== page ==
NFL is not pleased with Minnesota over stadium

The Strib today is all in on the Vikings stadium story. Mike Kaszuba and Mark Craig report that like poor Howard Beale in “Network,” Minnesota’s legislators have meddled with the primal forces of nature, and the NFL is not happy. “The National Football League said Wednesday the Minnesota Vikings’ chances of getting public money for a new stadium appears to have reached a stalemate, and that the league’s commissioner is ready to tell Gov. Mark Dayton which other cities were willing to have the team. … ‘This was portrayed as having support and likely to pass as recently as a couple of weeks ago,’ said Eric Grubman, the league’s executive vice president of business operations. ‘So this will come as quite a blow. This is quite a blow. There are plenty of willing buyers. I think the Wilfs do not want to sell the franchise, but I think there is a point where they probably would be open-minded,’ he added. ‘I would not be surprised if [NFL commissioner Roger Goodell] tells the governor, if he asks, what other cities are interested.’”

Speaking of movies, how many times did Jason Voorhees and Freddy Krueger return from the semi-dead? They have competition from Arden Hills. Mike Kaszuba of the Strib reports: “Taking advantage of the stalled plans to build a new Minnesota Vikings stadium in Minneapolis, the proposal to instead build the project in Ramsey County’s Arden Hills was dusted off late Wednesday. A group of DFL and Republican legislators unveiled what would be the fourth funding proposal for an Arden Hills stadium – this time calling for a suburban Ramsey County food and beverage tax that would be subject to a voter referendum in November. ‘We’re still alive. We’re still around,’ said Ramsey County Board Chair Rafael Ortega.” But, strangely, they have no reflection in the mirror.

If one of the Legislature’s key definitions of “success” was avoiding a floor vote on a Vikings stadium, a special session would not be very popular. But Gov. Dayton, not to be accused of playing matador with the stadium, like Tim Pawlenty, is leaving his options open. Baird Helgeson of the Strib writes: “Dayton said Wednesday he would not rule out calling a special legislative session to approve a new Minnesota Vikings stadium. The governor said he has always preferred a special legislative session to deal with something as large and complex as the nearly $1 billion stadium project. A special session would force legislators to remain focused on a single topic, without the distraction of legislators’ wish-lists that tend to clog the end of regular sessions, he said. ‘I’d give it consideration, but I would have to talk to the legislative leaders,’ Dayton said. The governor said he has no interest in calling a special session until it’s clear there is an agreement. ‘I don’t see going through another round of this,’ he said … .” Who does?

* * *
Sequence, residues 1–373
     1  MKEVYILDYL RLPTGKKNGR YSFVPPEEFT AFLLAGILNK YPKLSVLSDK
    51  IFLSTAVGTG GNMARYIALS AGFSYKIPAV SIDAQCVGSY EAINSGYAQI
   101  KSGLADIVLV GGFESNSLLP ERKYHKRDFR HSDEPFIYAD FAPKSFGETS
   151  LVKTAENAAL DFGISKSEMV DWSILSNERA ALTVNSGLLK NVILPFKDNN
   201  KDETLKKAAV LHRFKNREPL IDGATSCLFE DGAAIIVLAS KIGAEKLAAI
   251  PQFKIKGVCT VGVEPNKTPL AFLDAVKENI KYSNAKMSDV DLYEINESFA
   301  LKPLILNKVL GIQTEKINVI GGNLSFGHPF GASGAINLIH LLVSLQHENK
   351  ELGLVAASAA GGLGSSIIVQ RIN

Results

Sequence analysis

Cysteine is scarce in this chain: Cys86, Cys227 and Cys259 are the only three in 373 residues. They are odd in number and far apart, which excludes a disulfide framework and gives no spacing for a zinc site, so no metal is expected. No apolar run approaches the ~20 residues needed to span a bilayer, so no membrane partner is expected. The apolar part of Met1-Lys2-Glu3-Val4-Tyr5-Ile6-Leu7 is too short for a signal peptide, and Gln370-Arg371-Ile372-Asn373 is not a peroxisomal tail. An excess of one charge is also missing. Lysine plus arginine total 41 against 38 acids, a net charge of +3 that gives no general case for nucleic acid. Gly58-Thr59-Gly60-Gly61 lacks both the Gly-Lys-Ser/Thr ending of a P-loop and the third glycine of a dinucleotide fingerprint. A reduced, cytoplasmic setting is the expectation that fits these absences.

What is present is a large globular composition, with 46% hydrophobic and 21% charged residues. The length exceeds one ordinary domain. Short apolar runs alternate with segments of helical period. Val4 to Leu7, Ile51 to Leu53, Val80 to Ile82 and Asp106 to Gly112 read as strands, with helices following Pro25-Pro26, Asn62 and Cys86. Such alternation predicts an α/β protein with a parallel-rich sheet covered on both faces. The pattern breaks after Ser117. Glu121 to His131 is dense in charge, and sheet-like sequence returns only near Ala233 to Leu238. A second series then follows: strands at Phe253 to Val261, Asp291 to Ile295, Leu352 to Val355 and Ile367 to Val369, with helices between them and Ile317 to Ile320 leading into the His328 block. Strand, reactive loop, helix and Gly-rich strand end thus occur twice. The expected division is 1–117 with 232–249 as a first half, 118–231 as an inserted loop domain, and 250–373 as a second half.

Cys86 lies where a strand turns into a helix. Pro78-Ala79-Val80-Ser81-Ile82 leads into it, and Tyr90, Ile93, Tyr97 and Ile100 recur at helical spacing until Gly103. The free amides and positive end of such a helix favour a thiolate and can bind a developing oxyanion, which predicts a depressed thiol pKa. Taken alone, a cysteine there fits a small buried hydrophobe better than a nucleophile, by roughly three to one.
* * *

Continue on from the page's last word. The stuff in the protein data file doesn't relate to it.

I was a couple days early on my call for another pro-stadium trumpet blast from the Strib’s editorial page. Let’s just say they, like the NFL, are quite disappointed in our legislative, um, leaders. “Delay until next year means adding upwards of $40 million to the project’s cost, prolonging the uncertainty surrounding a valued community asset and dragging this debate into every legislative race this fall. … Stadium opponents who pretend that the Vikings problem will be magically solved if it is ignored are themselves ignoring NFL history. Several markets have lost teams when they balked at public-private stadium efforts, only to pay through the nose years later to attract new franchises. … if Minnesota loses the franchise, this much is clear: The state would pay a high price if it later tried to bring NFL football back to this market and reclaim the major-league status that’s in jeopardy today.” Again with the losing “major league status” … .